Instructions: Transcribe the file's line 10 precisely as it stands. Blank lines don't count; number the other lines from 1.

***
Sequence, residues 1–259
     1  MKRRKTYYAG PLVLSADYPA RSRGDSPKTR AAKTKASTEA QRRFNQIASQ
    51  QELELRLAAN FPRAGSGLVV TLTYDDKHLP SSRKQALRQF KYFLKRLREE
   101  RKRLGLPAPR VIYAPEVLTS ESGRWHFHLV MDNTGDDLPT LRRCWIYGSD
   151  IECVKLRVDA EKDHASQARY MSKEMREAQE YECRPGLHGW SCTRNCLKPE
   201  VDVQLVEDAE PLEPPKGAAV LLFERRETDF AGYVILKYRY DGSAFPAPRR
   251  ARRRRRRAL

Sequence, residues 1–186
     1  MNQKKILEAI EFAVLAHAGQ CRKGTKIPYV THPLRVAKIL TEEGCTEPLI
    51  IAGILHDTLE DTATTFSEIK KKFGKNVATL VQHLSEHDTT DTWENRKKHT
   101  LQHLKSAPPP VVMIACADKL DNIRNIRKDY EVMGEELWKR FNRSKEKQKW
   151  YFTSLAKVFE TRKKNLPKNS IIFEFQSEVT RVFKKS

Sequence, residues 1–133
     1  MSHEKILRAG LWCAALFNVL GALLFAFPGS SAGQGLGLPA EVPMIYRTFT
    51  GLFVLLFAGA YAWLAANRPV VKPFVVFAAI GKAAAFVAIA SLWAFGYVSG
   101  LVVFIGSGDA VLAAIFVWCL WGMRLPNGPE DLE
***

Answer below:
    51  IAGILHDTLE DTATTFSEIK KKFGKNVATL VQHLSEHDTT DTWENRKKHT